The University of Arizona

Plant response to defoliation in a subalpine green fescue community.

S.H. Sharrow, D.E. Kuntz


This study was prompted by concerns that expansion of elk (Cervus canadensus) ranges upward into subalpine grasslands might be damaging green fescue (Festuca viridula Vasey) meadows in Mount Rainier National Park. Objectives of the study were to examine effects of season and intensity of defoliation on phytomass productivity and canopy cover of these subalpine dry meadows and to relate these observations to the degree of elk utilization actually occurring on 3 representative meadows. Grazing in all meadows was very light. Less than one half of the plants examined showed any evidence of having been grazed. Plants which were grazed typically had less than 15% of their tops removed. Only green fescue was grazed to any significant extent by elk. Defoliation treatments (0%, 25%, 50%, and 75% of aerial phytomass removed in either early-, mid-,or late-season 1986 and again in 1987) had little effect upon plant cover the following year. Total herbage production was greater for defoliated than for undefoliated control plots in 1987, but did not vary with season of defoliation. Reproduction of green fescue and Lupinus latifolius Agardh. tended to decline as defoliation intensity increased in 1987. Neither season nor intensity of defoliation affected any of the parameters measured in 1988, a year of very low plant production. Green fescue subalpine grasslands appear to be quite tolerant of defoliation. All treatment effects were small relative to yearly differences induced by climatic variation.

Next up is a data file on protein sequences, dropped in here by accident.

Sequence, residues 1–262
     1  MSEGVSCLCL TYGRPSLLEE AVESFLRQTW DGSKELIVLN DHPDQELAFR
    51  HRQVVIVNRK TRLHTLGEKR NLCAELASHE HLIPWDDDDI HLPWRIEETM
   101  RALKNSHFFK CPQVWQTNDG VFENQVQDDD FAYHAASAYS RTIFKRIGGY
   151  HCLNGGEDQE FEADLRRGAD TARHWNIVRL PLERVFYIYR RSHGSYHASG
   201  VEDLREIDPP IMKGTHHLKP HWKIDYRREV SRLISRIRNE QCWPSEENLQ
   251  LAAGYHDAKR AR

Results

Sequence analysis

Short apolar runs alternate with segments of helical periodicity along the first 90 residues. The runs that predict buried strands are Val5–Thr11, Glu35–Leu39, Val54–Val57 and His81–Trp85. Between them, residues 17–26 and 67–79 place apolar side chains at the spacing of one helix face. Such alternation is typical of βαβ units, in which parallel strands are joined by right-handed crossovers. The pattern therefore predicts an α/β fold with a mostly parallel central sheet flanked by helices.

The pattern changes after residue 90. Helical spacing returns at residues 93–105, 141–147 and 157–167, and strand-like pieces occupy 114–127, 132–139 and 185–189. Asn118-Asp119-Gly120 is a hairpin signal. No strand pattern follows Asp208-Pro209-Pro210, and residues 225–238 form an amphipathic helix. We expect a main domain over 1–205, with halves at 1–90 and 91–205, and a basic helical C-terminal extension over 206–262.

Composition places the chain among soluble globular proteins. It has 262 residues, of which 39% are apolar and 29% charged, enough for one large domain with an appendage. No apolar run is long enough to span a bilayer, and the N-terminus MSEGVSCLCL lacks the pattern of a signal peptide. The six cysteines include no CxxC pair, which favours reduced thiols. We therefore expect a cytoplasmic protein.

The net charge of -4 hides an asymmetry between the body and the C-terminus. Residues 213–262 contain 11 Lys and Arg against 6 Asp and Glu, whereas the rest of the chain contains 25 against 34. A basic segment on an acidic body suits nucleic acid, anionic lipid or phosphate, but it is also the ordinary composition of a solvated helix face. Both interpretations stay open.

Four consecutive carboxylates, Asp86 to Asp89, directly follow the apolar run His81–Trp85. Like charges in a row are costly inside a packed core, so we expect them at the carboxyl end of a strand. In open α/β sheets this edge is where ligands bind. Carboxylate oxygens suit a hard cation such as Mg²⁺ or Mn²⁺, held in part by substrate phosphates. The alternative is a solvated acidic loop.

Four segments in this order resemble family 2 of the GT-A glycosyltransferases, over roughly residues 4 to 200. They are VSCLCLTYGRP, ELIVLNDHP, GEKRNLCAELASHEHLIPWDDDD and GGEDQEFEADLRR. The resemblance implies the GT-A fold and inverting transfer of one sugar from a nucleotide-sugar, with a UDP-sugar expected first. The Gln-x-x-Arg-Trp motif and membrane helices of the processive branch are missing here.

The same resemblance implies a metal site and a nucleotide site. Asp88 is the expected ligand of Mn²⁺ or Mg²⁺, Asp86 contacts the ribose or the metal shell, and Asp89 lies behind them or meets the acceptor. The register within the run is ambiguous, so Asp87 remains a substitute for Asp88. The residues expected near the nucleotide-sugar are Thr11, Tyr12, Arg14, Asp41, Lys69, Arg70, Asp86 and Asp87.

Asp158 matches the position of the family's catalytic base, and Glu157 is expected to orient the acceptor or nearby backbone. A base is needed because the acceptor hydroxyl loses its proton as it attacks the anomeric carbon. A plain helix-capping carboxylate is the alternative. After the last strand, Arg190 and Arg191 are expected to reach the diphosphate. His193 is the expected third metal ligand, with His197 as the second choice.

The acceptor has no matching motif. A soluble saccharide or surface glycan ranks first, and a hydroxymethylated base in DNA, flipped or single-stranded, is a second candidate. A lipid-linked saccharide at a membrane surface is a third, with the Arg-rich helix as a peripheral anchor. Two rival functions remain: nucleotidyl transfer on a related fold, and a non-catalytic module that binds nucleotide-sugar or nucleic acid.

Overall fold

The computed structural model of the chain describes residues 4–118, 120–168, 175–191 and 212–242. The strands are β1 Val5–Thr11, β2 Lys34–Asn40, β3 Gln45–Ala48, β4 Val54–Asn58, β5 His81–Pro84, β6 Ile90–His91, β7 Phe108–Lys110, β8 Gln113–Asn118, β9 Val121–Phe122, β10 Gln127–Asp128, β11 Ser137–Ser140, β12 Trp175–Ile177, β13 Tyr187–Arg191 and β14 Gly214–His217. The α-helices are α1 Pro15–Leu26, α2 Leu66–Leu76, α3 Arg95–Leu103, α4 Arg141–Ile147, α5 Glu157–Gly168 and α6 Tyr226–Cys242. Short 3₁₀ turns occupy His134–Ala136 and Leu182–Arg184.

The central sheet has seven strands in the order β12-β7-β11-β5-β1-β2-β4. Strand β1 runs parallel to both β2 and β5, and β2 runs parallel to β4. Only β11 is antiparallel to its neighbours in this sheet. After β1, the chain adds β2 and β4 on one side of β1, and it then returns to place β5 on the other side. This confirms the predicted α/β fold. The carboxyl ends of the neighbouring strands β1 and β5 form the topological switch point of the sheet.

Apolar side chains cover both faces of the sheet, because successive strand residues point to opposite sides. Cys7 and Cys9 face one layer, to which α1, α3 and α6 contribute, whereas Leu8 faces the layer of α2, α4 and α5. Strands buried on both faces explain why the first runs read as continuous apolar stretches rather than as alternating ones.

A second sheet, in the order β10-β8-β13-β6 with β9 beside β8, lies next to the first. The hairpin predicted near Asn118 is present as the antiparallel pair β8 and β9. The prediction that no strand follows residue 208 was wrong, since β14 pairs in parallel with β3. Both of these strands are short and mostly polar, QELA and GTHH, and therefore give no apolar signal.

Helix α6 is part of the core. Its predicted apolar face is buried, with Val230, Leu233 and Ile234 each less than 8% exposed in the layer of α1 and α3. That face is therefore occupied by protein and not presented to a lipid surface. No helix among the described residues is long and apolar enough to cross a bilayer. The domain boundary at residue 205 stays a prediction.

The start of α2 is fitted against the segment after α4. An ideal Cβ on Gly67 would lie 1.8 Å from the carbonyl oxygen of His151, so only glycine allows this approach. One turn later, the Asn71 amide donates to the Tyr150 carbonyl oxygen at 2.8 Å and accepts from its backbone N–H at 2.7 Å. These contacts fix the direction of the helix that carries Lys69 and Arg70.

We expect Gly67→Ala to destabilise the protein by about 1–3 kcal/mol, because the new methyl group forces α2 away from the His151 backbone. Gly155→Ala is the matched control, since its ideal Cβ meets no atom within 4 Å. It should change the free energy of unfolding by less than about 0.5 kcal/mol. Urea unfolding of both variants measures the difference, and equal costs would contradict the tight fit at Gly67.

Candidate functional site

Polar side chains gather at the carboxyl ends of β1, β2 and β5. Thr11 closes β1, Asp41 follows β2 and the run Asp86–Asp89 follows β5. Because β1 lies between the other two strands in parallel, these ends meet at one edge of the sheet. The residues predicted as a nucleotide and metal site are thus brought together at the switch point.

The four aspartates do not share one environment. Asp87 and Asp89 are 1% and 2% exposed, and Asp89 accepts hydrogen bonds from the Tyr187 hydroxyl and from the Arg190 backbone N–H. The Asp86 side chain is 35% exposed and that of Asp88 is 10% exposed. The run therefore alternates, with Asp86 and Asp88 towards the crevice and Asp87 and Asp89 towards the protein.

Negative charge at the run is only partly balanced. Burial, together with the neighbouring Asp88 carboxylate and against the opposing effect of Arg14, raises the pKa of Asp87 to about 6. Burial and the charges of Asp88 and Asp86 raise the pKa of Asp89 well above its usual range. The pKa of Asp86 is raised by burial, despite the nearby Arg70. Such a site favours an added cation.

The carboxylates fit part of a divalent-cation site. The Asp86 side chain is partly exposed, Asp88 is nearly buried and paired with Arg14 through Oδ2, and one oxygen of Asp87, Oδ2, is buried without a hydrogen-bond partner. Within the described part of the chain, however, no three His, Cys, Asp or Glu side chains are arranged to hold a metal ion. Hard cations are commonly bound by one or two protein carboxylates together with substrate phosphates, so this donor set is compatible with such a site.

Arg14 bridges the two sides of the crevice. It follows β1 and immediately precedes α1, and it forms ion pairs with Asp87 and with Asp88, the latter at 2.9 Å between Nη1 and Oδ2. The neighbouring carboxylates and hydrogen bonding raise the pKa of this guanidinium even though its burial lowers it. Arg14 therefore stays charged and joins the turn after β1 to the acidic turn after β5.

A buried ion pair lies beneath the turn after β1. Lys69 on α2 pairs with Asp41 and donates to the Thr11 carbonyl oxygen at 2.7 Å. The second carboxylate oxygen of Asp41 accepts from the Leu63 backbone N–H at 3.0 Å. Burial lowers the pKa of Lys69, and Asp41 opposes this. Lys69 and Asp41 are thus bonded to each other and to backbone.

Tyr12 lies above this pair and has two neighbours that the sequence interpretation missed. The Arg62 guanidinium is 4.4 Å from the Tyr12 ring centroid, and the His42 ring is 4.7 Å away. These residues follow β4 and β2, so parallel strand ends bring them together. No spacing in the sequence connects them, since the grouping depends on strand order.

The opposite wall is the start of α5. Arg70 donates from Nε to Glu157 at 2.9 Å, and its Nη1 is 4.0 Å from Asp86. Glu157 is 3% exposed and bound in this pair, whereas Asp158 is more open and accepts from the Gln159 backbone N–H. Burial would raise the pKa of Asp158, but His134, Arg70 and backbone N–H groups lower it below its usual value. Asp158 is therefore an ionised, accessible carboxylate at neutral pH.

festuca viridula;lupinus latifolius;Festuca;Lupinus;Washington;mountain grasslands;grazing intensity;Cervus elaphus canadensis;biomass;canopy

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